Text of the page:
Carlos Rivero-Odermatt and Rafela Aldas always dreamed of being homeowners. The Ecuador natives, married for 43 years, had a goal of creating a better living situation for their family and knew homeownership would help achieve that goal.
When MTSU's Jackie Victory handed the Murfreesboro couple a set of keys to a home on East Castle Street on Wednesday, Jan. 8, their dreams became reality.
The 1,200-square-foot, three-bedroom, two-bath home is part of an MTSU Habitat Build and Rutherford County Area Habitat for Humanity partnership.
The couple will move in once the house is finished, final inspections are completed and a Jan. 22 closing, said Terri Shultz, Rutherford County Area Habitat for Humanity executive director.
MTSU students from classes and campus organizations average raising $20,000 to $22,000 toward the cost of the house each time. About 150 students from 25 classes/organizations spent many hours helping to construct the residence. In all, 337 community volunteers spent nearly 2,000 hours on the project.
This marks the eighth MTSU Habitat Build the university and its students have been involved in since 2007, said Victory, director of MTSU Student Organizations and Service. It is the 164th Rutherford County Habitat home since 1989.
"The house is perfect. I don't think it's missing anything," an emotional Aldas said, her Spanish comments interpreted by daughter Annely Rivero Quinones of La Vergne, Tennessee. "When I open the doors, they give me smiles. For all of you, thank you."
Quinones said her parents "love it (the house). They're very blessed. They feel indebted to all the people who worked together to get their home ready. Anytime she would go to the Habitat office, they always received Mom with a big smile."
The couple came to Murfreesboro after their daughter visited the U.S., fell in love and married. She then convinced them to leave Ecuador to be in a safer environment.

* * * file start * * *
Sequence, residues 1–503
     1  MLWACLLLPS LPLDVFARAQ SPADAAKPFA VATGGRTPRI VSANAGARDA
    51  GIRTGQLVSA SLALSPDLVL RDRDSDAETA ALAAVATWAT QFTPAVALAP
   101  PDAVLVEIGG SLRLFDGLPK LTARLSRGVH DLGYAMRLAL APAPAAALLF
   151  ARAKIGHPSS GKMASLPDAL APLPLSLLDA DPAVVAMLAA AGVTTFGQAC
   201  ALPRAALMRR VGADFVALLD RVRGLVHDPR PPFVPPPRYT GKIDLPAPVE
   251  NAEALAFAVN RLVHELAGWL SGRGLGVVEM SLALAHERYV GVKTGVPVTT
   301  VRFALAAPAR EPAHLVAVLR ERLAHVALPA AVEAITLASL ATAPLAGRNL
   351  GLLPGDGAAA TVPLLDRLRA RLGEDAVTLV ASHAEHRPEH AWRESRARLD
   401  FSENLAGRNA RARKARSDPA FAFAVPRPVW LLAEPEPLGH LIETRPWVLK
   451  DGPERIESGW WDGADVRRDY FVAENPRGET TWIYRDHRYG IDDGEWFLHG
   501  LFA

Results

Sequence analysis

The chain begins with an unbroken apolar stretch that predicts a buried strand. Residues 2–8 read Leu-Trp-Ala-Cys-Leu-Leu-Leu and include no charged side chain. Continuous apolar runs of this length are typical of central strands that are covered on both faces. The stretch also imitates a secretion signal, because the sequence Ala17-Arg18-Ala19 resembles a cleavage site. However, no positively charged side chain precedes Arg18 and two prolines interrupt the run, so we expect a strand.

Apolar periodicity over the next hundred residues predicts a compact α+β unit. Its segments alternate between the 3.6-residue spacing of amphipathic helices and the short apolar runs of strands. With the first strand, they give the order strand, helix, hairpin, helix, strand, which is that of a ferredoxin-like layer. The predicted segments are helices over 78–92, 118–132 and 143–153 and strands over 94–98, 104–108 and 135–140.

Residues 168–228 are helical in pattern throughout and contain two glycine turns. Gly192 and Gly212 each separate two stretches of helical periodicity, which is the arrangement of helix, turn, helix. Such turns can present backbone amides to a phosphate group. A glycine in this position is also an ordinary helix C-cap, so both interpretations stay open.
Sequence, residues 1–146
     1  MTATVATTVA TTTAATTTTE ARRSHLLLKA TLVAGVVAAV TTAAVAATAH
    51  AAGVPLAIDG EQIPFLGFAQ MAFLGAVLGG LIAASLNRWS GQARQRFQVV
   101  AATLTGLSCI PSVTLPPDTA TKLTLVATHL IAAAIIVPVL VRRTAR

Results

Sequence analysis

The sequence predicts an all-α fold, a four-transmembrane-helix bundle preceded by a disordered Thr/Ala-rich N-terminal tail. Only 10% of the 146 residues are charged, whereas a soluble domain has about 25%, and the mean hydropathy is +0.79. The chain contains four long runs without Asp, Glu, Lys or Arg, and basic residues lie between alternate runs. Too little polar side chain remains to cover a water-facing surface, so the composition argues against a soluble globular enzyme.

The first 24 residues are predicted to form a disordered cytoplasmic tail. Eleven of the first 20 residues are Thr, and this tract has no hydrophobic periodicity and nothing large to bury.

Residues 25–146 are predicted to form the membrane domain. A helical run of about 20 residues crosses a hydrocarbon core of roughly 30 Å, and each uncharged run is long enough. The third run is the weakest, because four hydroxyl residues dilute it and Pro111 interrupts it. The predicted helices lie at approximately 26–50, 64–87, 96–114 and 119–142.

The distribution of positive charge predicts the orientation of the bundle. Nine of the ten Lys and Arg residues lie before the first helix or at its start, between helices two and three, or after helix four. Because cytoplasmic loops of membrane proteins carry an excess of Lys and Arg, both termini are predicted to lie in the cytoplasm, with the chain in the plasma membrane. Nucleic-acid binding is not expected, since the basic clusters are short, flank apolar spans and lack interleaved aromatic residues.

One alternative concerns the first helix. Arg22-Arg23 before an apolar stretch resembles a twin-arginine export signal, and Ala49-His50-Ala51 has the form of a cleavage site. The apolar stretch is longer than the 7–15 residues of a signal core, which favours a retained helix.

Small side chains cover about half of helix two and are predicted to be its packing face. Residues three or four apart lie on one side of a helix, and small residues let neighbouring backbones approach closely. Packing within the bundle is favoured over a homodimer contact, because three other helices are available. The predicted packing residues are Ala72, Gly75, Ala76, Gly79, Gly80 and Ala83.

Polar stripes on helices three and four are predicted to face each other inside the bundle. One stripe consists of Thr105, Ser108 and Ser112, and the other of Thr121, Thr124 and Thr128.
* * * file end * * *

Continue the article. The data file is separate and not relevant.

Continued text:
"Congratulations, welcome to your new home," said MTSU's Deb Sells, vice president of student affairs and vice provost of enrollment and academic services, speaking to Rivero-Odermatt and Aldas. "It is always so much fun to be a part of these builds. … Our students learn so much from the experience."
Students from the MTSU School of Concrete and Construction Management, Society of Manufacturing Engineers organization, women's tennis and various sororities, fraternities and campus ministries participated in the work this fall.
"It's a great opportunity for students to network," Victory said. "This fall has been more of a challenge, with homecoming and everything else. It was a busy semester."
Students help raise funds through a letter-writing campaign, reaching out to family members and friends for support. Funds filter to the MTSU Foundation.
MTSU brought many items — bottled water, detergent, paper goods and more — to stock the couple's pantry. Other gifts included a personalized set of dishes and wall paintings, a Bible, books from Read to Succeed, a flag from the Daughters of the American Revolution, a City of Murfreesboro commitment to provide the home ownership down payment and a color portrait by Shacklett's Photography.
One poem of optimism was shared, as were prayers. After a ribbon-cutting and house tour opportunity, Rev. Kristina Blaess of St. Paul's Episcopal Church read scriptures as family and friends went room by room to ask God's blessings upon the entire home.
Victory estimates that at least 1,500 MTSU students and 50 campus organizations and classes have participated in Habitat builds since 2007.
Victory, who helped start the partnership, anticipates MTSU and students will be involved in Habitat for Humanity's new neighborhood venture — Legacy Point, a 77-home project off Halls Hill Pike near Daniel McKee School and not far from the university.
Rutherford County Mayor Bill Ketron and Deputy Mayor Steve Sandlin were among several dozen people attending the outdoor ceremony.